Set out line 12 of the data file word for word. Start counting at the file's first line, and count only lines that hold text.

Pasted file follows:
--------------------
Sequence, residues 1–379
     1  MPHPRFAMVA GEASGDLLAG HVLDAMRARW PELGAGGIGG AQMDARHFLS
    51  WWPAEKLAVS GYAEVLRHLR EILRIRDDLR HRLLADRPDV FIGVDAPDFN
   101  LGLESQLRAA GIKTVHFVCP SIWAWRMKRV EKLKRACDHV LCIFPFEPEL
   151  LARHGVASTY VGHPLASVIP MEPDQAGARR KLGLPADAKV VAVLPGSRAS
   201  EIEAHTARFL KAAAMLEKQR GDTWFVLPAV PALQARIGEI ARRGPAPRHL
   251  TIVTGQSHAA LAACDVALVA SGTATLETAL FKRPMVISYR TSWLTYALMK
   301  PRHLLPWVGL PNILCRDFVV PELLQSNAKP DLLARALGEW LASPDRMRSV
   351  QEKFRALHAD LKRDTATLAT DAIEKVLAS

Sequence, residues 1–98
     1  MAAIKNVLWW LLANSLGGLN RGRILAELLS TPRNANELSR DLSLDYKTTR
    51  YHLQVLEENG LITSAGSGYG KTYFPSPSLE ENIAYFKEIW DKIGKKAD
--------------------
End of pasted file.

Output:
    51  YHLQVLEENG LITSAGSGYG KTYFPSPSLE ENIAYFKEIW DKIGKKAD